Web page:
Nova Scotia apple farmers were feeling “cautious relief” after post-tropical storm Fiona tore through Atlantic Canada Sept. 23–24 and are continuing to harvest what is still expected to be a fairly good crop, according to a Sept. 26 press release from the Nova Scotia Fruit Growers Association.
According to the release, Nova Scotia’s Annapolis Valley was spared the worst of the storm, which battered the northeastern parts of the province. With a heavy crop load on the trees, some farmers were out picking mature fruit from the tree tops before the storm, to prevent breakage. High winds and heavy rains did knock some apples to the ground, and growers have been looking for signs of bruised apples on the trees.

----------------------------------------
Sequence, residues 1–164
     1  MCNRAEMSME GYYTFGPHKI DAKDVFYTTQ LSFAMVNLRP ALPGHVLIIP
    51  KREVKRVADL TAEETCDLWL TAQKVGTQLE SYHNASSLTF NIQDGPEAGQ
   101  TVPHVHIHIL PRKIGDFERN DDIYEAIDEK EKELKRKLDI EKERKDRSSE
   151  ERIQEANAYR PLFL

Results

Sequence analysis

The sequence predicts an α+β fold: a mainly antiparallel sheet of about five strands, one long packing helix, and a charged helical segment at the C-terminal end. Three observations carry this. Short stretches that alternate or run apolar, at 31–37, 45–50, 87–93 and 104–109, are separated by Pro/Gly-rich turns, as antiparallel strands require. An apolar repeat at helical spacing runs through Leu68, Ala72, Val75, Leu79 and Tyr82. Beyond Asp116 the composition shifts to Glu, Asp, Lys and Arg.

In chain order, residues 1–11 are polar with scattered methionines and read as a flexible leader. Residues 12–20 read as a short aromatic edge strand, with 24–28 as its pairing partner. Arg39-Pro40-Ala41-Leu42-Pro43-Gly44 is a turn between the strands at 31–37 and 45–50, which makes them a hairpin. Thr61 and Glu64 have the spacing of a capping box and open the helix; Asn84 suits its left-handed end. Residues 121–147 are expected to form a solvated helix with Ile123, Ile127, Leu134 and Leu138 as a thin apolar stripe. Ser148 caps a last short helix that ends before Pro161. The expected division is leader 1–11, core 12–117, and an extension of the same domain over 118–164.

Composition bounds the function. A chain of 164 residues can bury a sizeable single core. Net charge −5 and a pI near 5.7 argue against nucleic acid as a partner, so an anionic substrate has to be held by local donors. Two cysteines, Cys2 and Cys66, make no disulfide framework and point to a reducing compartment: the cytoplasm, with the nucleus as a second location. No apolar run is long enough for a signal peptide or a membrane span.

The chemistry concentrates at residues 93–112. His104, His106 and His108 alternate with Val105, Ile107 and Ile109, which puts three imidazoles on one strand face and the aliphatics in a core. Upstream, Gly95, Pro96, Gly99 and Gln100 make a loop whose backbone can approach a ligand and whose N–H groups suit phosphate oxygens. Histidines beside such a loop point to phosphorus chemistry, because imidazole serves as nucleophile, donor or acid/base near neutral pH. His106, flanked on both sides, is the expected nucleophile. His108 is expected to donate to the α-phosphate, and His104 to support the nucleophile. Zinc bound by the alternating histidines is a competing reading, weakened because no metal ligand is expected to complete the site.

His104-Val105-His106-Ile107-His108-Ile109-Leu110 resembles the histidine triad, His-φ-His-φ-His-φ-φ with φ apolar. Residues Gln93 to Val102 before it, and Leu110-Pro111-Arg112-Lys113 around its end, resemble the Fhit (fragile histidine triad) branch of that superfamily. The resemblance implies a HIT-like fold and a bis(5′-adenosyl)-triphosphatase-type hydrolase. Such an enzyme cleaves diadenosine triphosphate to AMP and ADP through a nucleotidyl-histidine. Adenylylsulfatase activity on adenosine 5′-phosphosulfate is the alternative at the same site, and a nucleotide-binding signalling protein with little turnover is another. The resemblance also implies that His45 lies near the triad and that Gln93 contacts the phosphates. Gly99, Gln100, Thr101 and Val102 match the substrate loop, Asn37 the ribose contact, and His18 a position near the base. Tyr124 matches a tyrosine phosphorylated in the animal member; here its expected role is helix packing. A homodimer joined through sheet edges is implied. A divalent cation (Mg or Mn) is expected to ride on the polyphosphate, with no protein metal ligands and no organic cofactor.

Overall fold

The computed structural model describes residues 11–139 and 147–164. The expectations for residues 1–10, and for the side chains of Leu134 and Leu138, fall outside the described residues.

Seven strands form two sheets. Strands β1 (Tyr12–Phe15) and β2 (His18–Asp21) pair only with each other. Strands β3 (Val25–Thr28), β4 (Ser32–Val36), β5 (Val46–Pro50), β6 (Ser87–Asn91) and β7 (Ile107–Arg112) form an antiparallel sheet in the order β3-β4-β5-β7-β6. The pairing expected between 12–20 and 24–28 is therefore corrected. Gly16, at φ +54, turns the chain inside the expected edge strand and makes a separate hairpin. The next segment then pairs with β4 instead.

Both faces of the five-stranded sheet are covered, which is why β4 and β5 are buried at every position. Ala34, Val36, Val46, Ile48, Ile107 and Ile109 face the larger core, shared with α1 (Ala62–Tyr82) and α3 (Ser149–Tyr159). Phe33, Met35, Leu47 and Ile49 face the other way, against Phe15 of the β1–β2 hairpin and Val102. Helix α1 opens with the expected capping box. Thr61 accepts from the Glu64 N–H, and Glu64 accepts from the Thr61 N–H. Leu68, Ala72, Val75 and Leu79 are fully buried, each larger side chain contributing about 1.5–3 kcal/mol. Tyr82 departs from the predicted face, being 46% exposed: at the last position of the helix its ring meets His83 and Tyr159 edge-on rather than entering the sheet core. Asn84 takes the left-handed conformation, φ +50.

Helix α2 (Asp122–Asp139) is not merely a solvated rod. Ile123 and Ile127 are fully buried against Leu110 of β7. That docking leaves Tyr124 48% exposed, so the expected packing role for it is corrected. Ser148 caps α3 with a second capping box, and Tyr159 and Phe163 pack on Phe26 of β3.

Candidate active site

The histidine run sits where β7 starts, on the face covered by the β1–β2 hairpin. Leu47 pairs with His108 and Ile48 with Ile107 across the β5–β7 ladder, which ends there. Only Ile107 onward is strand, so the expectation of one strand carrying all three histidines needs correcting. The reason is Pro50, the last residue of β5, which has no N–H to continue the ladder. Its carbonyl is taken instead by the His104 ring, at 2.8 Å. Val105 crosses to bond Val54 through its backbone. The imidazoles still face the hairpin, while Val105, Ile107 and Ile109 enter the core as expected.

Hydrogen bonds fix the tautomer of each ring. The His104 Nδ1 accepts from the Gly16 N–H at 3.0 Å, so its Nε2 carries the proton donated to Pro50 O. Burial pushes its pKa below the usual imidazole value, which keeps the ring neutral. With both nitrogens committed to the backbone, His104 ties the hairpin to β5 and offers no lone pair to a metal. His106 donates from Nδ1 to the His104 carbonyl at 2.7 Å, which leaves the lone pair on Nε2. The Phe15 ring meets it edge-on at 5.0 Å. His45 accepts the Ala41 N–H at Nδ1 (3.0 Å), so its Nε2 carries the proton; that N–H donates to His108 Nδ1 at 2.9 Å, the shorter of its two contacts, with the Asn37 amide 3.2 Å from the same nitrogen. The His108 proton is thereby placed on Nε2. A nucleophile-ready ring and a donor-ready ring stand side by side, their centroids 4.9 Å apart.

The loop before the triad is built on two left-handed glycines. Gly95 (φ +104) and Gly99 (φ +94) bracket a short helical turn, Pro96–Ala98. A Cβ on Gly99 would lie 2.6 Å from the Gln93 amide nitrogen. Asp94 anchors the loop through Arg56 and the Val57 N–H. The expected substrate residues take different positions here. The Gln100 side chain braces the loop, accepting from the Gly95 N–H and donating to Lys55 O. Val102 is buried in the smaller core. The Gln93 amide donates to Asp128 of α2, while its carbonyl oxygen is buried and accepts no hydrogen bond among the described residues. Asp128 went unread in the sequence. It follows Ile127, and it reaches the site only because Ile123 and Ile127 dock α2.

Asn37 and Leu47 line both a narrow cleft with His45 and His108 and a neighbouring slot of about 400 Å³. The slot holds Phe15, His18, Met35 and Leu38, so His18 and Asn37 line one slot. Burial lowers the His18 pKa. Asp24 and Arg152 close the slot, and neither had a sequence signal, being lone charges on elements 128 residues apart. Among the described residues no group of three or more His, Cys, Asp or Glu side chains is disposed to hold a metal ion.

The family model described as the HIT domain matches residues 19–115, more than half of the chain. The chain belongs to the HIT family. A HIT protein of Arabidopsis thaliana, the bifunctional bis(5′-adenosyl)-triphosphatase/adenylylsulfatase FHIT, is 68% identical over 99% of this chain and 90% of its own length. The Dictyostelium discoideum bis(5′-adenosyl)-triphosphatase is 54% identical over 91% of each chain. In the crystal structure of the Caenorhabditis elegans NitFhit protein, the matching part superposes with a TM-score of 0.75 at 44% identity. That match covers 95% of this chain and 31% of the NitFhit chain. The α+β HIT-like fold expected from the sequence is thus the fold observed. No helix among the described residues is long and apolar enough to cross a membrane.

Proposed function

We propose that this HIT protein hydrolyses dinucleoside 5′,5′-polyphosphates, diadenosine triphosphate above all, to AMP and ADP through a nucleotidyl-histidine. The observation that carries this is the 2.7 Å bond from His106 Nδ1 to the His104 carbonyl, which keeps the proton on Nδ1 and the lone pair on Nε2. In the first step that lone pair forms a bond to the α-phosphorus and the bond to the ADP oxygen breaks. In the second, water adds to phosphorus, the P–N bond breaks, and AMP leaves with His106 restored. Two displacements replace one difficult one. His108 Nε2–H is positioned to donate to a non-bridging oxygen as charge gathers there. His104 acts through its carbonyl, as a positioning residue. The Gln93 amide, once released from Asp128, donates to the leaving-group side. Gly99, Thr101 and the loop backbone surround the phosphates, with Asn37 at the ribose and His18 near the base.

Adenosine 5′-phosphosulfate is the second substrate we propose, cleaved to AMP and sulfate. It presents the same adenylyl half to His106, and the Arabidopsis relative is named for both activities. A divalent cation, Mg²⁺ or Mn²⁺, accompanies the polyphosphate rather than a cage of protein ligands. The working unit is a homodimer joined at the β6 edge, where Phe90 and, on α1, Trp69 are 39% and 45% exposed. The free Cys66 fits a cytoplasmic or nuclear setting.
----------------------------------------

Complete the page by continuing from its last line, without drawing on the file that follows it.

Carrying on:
Some growers reported trellis failures and downed trees, but not to the extent originally expected. The spread of fire blight is a concern, and many growers took protective measures in the hours after the storm passed. Some breakage was also reported at farm nurseries, according to the release.
“Amidst some crop loss and structural damage, I’m still pleased to see good fruit on the trees and harvest ongoing,” Perennia tree fruit specialist Michelle Cortens said in the release.
Those who lost power made sure employees living in on-farm housing were comfortable and well-supplied, according to the release.
—by Matt Milkovich
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